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  11.  22
    Teaching Business Ethics: The Use of Films and Videota. [REVIEW]Larue Tone Hosmer & Nicholas H. Steneck - 1989 - Journal of Business Ethics 8 (12):929-936.
    Audio-visual material is extremely useful in the teaching of Business Ethics, yet no bibliography of the commercially available films and videotapes seems to be available. We have prepared a formal listing, complete with titles, descriptions, sources, prices and a brief evaluation, and have explained our selection and use of this material.
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  12.  43
    Ethics and Economics: Growing Opportunities for Joint Research.LaRue Tone Hosmer & Feng Chen - 2001 - Business Ethics Quarterly 11 (4):599-622.
    A group of economists has recently begun addressing questions at the intersection of ethics and economics. They are preparing newdefinitions of individual choice that combine self-interest and other interest, new processes of interpersonal exchange that result incooperation rather than conflict. and new measures of social well-being that include rights as well as outcomes. This article surveysthat work, and suggests areas where conceptual inputs from business ethicists are clearly needed, and where multiple opportunities for interactive research are obviously present.
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  13.  8
    Standard Format for the Case Analysis of Moral Problems.LaRue Tone Hosmer - 2000 - Teaching Business Ethics 4 (2):169-180.
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  14.  24
    Years, 20 Issues, 141 Articles, and What?LaRue Tone Hosmer - 1996 - Business Ethics Quarterly 6 (3):325-358.
    The first issue of Business Ethics Quarterly appeared five years ago. This article classifies the content of the 141 articles that have appeared since that time along 18 dimensions, and 118 categories within those dimensions, to determine trends within the discipline. The major trend appears to be a shift in focus towards the increased discussion of a new approach/paradigm for the field, and towards a normative/descriptive interface of the theory. The major problem seems to be a lack of explicit conceptual (...)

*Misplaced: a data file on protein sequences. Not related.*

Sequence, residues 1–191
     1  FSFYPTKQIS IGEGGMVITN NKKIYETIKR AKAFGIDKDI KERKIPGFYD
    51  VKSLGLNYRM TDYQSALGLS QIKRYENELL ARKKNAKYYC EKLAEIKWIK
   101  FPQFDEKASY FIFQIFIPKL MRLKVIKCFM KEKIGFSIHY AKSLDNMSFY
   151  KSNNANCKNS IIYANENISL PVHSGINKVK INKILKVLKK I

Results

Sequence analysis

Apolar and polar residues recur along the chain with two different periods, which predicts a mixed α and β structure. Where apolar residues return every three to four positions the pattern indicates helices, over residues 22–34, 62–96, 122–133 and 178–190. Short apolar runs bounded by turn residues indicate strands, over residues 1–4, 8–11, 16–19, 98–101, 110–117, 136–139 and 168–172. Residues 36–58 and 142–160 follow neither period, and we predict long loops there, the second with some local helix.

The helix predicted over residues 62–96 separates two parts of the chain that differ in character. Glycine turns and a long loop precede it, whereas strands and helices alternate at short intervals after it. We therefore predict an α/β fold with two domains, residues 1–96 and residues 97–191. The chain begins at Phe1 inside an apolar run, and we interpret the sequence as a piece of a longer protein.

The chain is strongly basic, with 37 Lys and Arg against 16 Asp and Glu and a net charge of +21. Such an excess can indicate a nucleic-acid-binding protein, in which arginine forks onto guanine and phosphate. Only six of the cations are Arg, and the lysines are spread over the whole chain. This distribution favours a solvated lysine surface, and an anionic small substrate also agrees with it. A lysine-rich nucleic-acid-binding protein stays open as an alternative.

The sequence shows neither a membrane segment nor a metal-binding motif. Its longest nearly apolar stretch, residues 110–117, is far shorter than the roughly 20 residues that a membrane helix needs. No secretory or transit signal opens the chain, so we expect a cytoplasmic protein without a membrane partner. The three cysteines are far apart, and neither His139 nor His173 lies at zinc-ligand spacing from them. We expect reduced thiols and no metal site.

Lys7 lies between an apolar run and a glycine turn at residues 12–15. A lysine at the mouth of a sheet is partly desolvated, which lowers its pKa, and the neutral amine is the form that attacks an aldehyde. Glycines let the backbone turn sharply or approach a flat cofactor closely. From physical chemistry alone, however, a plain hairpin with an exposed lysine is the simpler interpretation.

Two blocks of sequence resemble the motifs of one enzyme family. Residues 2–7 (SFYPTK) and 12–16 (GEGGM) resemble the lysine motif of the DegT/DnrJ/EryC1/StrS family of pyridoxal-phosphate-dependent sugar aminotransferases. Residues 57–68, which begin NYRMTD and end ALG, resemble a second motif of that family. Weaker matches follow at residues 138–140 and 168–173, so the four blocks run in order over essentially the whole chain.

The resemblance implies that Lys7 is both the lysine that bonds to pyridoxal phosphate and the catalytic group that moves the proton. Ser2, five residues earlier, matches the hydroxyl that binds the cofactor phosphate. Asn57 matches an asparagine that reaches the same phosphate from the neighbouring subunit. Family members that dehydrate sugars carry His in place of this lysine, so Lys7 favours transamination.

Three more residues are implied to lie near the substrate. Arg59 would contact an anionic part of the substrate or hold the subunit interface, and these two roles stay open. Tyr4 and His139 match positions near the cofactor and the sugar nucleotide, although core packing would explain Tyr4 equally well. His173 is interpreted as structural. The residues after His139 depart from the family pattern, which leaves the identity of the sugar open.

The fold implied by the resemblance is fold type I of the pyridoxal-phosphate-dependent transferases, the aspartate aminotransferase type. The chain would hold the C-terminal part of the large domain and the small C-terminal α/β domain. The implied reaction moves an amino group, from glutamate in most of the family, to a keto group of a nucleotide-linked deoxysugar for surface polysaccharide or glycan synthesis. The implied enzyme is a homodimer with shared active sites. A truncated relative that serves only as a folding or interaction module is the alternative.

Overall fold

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  15. Ethics at Work.Jeffery Cederblom, Charles J. Dougherty, W. Michael Hoffman, Jennifer Mills Moore, Larue Tone Hosmer & John B. Matthews - 1993 - Journal of Business Ethics 12 (1):36-74.
     
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  16.  41
    Lessons From The Wreck Of The Exxon Valdez.Larue Tone Hosmer - 1998 - The Ruffin Series of the Society for Business Ethics 1998:109-122.
    Investigations of large scale industrial accidents generally take one of two alternative approaches to identifying the cause or causes of those destructive events. The first is legal analysis, which focuses on the mechanical failure or human error that immediately preceded the accident. The second is socio-technical reasoning, which centers on the complexities of the interlocking technological and organizational systems that brought about the accident. Both are retrospective, and provide little insight into the means of avoiding industrial accidents in the future. (...)
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  17.  45
    Managerial Ethics and Microeconomic Theory.LaRue Tone Hosmer - 1984 - Journal of Business Ethics 3 (4):315 - 325.
    There is a very apparent conflict between economists and ethicists over the moral standards that should be applied to the managers of business firms. The view of most economists is that moral standards in business are not relevant, beyond the normal personal obligations to speak the truth and observe the law, because profit maximizing behaviour, under market and resource constraints, leads inexorably to social welfare optimization. The opposing view of most humanists is that modern markets are not competitive enough to (...)
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  18.  18
    A Question of Power: Hydro-Quebec and the Great Whale Controversy a 35 Minute Video for in-Class Use.Larue Tone Hosmer - 1997 - Teaching Business Ethics 1 (1):97-106.
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  19.  34
    Ethics Vs. Economics: The Issue of Free Trade with Mexico. [REVIEW]LaRue Tone Hosmer & Scott E. Masten - 1995 - Journal of Business Ethics 14 (4):287 - 298.
    The authors, one an ethicist and the other an economist, look at the issue of free trade with Mexico and other low wage rate countries from the viewpoints of their disciplines. The conclusion of the paper is that these disciplines differ on their priorities and analytical methods, not on their objectives.
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  20.  5
    5 Years, 20 Issues, 141 Articles, and What?LaRue Tone Hosmer - 1996 - Business Ethics Quarterly 6 (3):327-358.
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  21.  2
    Special Issue: "Business Ethics in a Global Economy".LaRue Tone Hosmer - 2004 - Business Ethics Quarterly 14 (4):781-786.
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  22. Is the Market Moral? A Dialogue on Religion, Economics, and Justice.LaRue Tone Hosmer & Janet Elizabeth Bordelon - 2006 - Business Ethics Quarterly 16 (3):418-426.